GENDEP aims to find a way to use information about patients' genes to help doctors decide which antidepressant treatment will work best for which patient, with the least side-effects.The European Commission awarded 7.5 M Euros to fund the GENDEP project, led by a team at the Medical Research Council's Social, Genetic, and Developmental Psychiatry Centre (SGDP).
Although there is abundant evidence for efficacy of antidepressants, a substantial minority of patients show an unsatisfactory response,
and cessation of medication because of adverse effects is common. The choice of what drug to prescribe for optimal response with minimum
unwanted effects is largely a matter of taking an educated guess. Pharmacogenetics offers considerable potential to provide tools to aid
targeted, rational prescribing. GENDEP has three closely interconnected major themes aimed to address these issues. The first is a large-scale
multi-centre human pharmacogenomics study focussed on the prediction of therapeutic response to antidepressants and adverse effects. The second
is a set of basic science studies using animal models and in vitro experiments, and the third is a programme of work to address the relevant
ethical, social, and legal issues. This project will include an integrative analysis of the results of the transcriptomics and proteomics on
the samples from the human, the rodent, and the in vitro studies, in order to identify biomarkers consistently identified across all of these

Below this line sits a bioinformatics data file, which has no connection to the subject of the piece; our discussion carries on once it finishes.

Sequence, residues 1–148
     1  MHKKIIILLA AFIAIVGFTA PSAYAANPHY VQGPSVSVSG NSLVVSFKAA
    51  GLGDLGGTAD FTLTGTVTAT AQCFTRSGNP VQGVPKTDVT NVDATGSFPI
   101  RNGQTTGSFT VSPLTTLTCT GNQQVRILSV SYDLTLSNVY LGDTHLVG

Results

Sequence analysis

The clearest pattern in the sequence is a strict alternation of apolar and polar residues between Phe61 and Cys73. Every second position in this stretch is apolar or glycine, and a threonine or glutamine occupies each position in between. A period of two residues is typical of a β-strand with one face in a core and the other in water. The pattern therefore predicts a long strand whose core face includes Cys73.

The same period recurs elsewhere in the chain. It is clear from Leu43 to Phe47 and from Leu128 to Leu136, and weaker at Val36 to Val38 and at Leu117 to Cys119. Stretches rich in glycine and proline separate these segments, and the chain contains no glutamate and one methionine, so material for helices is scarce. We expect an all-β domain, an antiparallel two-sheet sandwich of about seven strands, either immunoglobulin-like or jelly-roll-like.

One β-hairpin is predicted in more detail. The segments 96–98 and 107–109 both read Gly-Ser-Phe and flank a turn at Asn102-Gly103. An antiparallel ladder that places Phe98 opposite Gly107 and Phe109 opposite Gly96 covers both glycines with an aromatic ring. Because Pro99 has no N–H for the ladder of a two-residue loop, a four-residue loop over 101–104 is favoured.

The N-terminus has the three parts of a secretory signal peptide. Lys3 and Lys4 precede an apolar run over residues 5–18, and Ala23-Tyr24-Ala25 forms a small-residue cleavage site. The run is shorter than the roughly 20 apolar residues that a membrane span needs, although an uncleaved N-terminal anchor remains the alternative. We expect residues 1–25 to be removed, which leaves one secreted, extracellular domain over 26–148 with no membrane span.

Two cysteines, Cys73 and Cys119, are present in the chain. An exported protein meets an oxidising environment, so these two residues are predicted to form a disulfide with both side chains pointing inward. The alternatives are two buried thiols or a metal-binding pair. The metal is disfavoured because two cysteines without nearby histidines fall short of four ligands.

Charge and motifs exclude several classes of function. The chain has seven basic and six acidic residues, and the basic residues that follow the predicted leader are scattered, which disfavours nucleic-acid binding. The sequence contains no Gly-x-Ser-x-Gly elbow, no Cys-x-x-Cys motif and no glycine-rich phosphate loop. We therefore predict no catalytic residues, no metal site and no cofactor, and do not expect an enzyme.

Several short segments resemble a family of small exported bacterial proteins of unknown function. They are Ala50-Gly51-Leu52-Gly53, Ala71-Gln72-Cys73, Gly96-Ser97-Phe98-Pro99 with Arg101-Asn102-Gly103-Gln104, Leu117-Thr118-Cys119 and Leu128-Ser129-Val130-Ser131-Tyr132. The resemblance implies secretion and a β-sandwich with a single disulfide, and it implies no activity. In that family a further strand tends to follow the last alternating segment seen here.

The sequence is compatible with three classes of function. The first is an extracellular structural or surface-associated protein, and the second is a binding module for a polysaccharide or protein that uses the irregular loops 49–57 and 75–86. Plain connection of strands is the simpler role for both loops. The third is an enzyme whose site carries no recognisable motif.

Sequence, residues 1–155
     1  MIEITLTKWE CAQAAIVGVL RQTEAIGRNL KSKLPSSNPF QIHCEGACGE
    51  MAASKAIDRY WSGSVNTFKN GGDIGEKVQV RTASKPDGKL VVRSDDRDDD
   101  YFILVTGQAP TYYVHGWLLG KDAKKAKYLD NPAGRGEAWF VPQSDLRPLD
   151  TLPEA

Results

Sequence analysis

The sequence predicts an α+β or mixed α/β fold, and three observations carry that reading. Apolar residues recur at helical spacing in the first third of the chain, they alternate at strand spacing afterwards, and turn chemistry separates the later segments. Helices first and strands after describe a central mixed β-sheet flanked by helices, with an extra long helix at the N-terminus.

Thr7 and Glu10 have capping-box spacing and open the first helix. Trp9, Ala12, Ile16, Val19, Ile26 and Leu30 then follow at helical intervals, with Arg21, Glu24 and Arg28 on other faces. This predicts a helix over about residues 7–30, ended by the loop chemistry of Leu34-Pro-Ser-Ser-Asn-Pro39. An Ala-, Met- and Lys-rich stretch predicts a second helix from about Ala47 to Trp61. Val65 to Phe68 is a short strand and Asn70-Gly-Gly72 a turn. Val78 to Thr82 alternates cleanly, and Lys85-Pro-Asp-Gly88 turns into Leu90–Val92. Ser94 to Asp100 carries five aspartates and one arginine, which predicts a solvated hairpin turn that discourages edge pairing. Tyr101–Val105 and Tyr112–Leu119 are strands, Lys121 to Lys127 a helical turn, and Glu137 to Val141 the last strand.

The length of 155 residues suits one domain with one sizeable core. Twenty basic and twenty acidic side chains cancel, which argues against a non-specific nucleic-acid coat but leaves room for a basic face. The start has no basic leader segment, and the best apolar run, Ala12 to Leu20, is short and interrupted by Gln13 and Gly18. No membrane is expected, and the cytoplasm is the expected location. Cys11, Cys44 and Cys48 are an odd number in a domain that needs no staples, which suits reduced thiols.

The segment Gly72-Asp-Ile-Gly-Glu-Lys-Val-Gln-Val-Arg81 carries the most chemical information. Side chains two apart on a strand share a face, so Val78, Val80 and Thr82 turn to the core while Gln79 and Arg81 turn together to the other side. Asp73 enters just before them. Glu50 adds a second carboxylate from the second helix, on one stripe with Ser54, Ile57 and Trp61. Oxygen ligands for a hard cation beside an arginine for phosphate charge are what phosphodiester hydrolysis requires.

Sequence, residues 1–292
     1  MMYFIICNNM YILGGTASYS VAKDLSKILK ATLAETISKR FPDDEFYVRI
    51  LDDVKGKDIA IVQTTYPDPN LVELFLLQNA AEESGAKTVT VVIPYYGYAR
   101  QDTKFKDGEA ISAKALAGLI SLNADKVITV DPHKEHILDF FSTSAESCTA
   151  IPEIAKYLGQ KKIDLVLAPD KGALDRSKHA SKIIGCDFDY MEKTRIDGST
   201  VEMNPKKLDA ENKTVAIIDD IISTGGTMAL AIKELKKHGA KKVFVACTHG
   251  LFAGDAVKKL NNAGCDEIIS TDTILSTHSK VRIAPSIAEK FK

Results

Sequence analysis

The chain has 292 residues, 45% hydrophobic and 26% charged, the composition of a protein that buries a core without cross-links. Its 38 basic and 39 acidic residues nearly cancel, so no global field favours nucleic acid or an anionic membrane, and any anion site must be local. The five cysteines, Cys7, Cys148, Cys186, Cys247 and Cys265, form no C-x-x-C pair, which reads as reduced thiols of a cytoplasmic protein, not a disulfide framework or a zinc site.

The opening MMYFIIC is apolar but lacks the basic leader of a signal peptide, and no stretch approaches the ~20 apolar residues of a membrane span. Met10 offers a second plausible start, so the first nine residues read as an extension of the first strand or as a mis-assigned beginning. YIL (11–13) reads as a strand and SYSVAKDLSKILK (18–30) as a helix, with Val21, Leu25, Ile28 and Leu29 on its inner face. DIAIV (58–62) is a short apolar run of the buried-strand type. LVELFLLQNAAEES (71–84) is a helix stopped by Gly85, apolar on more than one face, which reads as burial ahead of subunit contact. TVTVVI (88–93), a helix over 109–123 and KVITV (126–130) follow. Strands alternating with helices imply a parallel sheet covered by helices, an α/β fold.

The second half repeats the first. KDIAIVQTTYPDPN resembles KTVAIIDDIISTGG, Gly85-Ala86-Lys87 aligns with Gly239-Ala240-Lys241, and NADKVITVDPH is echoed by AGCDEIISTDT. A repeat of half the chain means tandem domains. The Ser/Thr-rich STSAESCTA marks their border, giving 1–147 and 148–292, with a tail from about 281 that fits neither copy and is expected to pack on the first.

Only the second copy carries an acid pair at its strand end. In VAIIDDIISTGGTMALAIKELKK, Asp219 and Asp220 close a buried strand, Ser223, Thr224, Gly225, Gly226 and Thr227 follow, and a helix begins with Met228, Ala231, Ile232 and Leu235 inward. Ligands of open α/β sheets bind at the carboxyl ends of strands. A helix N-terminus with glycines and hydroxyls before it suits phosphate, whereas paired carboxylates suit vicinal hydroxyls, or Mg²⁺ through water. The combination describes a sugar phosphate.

experimental methodologies. This integrated project should lead to validated pharmacogenomic methods for symptom improvement, the prediction
of response to psychiatric drug treatment and the reduction of adverse effects. We may also be able to make a beginning on identifying new targets
for drug discovery. GENDEP will examine such associated issues as the views of service users regarding consent in human pharmacogenomics studies,
a cost-benefit analysis of introducing pharmacogenomic theranostics, and the investigation of the potential impact of a new generation of
pharmacogenomically tailored treatments on patients' and consumers' views and attitudes. A key feature of the entire project is the active
research involvement of stakeholders, including psychiatric service users, practising clinicians and industrial partners.
Why is GENDEP important?
One in five people at some point in their lives suffer from an episode of
depression severe enough to warrant antidepressant treatment. But, at
present, choosing one antidepressant over another is largely a matter of
an educated guess. This means that patients may not get better on the
first drug they try, or they may get lots of side-effects.